This album is long as hell. Now, I know that this is not a very surprising detail in metal, especially of a more progressive nature, but still. Maybe it’s just because I’ve lost touch with metal in the past couple years, but I have a lot of music in my library, and album runtimes seldom approach the 70 minute mark, let alone surpass it (inb4 Opeth). Seventy-four minutes is a good chunk of time to spend listening to an album that one is unfamiliar with belonging to a genre that can often be dangerously hit-or-miss. So, admittedly, I was skeptical when approaching this album, but after briefly sampling a few tracks, a small but noticeable amount of excitement blossomed within.
Omega Virus is an instrumental project belonging to Akeldama vocalist Connor Reibling. The Weeping Earth is Reibling’s first release under this guise, and at first listen, it sounds like a fairly standard djent record. One thing is very clear from the moment album opener “The Leviathan Prophecy” takes off, though: the production is fantastic. Whereas many modern prog bands offer up some truly headache-inducing drum sounds, the drums on The Weeping Earth, while quite heavy, are not too high in the mix and the guitars sound absolutely ideal for a progressive record, riffs gleaming with a sort of aural sparkle, chugs still heavy enough to make the listener long to smash their face into a wall. This impressively professional – or, dare I say it – nearly flawless production gives the album an immediate upper hand.
As mentioned, The Leviathan Prophecy, despite an impeccable sound job, is a rather typical slab of dee-jent, and frankly, Chameleon Facade does not exactly increase one’s hope that what they’re about to hear is exceptional.
Immediately after the final second of Chameleon Facade plays out, a rapid turnaround occurs, and this is where the involuntary grins will begin to appear. Explosive drum fills, rapid tremolo picking, precise blast beats? Definitely not what any listener would expect following the two solid-but-normal tracks that opened the album, but the intensity of Birth of the Alligator Breed is everything a progressive metal fan could possibly want in a song.
The Weeping Earth returns to a more simplistic, rhythmic, mid-paced style over the next few tracks, and after hearing the chaos of Birth of the Alligator Breed, this style – which is also showcased in the first couple tracks – makes much more sense. On a 70+ minute album like this, too much speedy technicality could likely end up being just too much to digest without countless listens, and the more simplistic, less diverse tracks help keep the pace varied in a way that allows the listener to pay attention without either being overwhelmed or losing focus on the music.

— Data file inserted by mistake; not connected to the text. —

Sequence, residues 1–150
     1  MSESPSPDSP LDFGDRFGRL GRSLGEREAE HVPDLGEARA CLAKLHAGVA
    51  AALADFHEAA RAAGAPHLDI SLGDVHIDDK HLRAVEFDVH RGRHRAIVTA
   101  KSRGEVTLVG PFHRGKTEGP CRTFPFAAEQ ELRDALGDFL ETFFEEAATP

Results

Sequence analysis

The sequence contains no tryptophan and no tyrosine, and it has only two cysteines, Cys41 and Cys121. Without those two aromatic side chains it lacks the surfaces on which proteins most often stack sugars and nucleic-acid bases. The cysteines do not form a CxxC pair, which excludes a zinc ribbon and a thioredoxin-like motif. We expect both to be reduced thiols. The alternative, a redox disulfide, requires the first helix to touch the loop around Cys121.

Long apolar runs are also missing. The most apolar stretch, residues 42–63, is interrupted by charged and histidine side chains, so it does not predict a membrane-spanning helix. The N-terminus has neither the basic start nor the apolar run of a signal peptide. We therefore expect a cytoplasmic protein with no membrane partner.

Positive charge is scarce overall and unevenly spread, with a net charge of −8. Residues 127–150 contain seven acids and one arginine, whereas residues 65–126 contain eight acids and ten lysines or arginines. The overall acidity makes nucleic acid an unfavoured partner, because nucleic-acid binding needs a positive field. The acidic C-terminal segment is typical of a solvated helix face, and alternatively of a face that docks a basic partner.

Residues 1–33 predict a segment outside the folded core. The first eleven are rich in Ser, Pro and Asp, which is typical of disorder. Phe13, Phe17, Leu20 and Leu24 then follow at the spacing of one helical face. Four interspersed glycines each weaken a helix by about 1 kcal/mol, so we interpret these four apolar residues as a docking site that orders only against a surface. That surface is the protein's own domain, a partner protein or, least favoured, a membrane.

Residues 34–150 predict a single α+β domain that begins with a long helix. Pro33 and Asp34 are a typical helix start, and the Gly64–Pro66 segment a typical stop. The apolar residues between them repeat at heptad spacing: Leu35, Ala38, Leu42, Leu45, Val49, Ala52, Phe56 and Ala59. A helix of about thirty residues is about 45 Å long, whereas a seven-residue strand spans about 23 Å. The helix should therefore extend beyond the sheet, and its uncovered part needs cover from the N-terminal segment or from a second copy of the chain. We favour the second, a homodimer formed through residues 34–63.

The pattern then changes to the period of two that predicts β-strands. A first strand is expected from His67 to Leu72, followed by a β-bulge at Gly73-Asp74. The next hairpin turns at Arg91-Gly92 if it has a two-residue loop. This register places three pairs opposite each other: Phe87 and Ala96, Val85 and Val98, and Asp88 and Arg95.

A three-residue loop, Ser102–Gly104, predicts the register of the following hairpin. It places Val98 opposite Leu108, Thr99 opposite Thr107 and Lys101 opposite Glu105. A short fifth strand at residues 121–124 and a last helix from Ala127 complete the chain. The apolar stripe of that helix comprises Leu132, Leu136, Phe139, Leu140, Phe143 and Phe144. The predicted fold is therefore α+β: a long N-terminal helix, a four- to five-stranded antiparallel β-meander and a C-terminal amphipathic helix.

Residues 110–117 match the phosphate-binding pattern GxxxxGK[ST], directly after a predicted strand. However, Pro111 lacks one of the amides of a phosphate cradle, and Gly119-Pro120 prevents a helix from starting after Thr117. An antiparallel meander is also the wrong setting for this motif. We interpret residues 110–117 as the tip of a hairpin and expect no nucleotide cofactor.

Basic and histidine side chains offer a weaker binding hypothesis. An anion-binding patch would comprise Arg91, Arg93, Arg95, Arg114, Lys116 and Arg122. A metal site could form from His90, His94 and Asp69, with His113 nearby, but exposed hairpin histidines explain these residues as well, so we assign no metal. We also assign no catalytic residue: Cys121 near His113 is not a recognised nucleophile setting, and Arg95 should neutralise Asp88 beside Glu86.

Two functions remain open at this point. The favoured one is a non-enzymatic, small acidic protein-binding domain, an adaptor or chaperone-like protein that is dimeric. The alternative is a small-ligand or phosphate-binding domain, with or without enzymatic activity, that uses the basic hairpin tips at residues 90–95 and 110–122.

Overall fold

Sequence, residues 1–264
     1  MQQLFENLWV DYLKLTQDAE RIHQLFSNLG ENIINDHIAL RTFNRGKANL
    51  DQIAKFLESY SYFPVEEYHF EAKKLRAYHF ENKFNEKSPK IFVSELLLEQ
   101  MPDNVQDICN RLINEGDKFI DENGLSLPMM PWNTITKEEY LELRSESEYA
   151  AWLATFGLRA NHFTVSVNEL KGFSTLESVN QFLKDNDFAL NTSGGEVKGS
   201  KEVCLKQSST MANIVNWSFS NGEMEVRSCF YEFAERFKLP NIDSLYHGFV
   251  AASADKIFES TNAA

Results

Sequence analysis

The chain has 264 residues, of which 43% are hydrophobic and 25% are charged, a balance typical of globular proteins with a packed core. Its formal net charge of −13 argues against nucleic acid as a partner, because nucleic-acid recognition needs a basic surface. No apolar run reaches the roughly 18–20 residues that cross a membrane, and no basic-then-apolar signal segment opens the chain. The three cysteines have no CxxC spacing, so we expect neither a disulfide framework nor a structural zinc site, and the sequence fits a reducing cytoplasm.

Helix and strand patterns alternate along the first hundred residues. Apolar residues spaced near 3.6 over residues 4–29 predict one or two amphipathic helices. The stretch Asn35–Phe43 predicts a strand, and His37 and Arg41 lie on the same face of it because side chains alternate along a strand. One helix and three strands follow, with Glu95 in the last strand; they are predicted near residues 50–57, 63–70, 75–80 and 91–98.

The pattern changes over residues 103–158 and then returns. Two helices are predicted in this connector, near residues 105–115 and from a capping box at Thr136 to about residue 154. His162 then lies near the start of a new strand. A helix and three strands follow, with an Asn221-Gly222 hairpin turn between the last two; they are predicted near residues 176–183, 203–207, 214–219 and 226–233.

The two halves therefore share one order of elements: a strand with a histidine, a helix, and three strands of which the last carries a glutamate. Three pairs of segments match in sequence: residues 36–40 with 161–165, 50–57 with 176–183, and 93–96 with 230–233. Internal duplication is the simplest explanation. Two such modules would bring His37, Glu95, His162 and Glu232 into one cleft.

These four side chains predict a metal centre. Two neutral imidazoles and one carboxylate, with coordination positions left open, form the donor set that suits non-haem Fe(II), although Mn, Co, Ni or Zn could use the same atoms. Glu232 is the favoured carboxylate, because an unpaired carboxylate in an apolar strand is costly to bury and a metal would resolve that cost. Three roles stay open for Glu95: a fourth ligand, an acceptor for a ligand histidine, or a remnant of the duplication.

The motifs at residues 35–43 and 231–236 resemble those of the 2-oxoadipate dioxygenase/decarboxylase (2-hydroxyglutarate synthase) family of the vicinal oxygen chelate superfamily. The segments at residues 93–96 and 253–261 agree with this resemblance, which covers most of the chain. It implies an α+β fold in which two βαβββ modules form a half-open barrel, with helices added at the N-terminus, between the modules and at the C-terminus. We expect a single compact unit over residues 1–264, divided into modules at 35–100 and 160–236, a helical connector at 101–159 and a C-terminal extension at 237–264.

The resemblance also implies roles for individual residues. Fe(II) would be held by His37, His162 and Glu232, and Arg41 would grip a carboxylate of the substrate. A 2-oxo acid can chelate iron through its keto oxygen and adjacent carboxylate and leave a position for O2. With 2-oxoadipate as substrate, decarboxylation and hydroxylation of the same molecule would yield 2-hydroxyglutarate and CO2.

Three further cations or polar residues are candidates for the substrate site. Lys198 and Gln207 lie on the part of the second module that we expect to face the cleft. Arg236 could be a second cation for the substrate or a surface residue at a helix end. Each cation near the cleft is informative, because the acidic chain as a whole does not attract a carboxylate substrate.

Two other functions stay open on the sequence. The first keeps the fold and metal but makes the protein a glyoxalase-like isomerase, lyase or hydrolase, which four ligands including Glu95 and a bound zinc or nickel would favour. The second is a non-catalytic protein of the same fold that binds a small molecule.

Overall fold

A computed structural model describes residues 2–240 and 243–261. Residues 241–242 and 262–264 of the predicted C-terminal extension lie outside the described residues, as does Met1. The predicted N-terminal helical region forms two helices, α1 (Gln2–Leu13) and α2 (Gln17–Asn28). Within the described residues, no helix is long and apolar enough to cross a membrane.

And for the rest of the album, things continue largely in this way. There are more rhythm-oriented songs and moments, such as the majority of Sloth in Descent, and there are also some less expected elements, such as the infectious, straight-up melodic death metal riff taking place a bit over five minutes into Sun of the Scorpion, which also just happens to be an album highlight – in a way, its diversity serves as a seven-minute summary of the album as a whole. Also present throughout the album are some decidedly atmospheric keyboard/synthesizers that bring fellow Tampa locals Ovid’s Withering to mind, which, to be honest, is unlikely to be a bad thing in anyone’s eyes. The record finally (finally) comes to a close with its longest cut: the 14-minute title track. It does seem to drag on to an extent, but it seems a fitting conclusion to the raging dj0ntfest that is The Weeping Earth.
When all is said and done, despite my pre-listen misgivings, there is little fault to be found on the debut release from Omega Virus. The primary issue with the record isn’t so much that its length needs to be cut down as the fact that its length absolutely could be cut down, because some of the more simplistic sections just aren’t that interesting, and man, there are a lot of ’em – listeners can’t really be faulted for their attention slipping from time to time. And on that same note, some of those slower moments definitely could use a boost in speed and diversity, such as that exhibited in Birth of the Alligator Breed. After hearing such a track, one is inclined to wonder why more similar moments aren’t spattered throughout the record, because they’d serve as some damn good hooks. Overall, however, The Weeping Earth is a joyous surprise. I truly had no expectation that such a long record of such a djenty nature would be so genuinely enjoyable, but there it is. Connor Reibling has unleashed one hell of a record upon the progressive metal scene and when this baby starts popping up on top-10 lists at the end of 2015, you surely won’t be counting me among the surprised.
Top Tracks: Birth of the Alligator Breed, Sun of the Scorpion
FFO: Meshuggah, (newer) Veil of Maya, Ovid’s Withering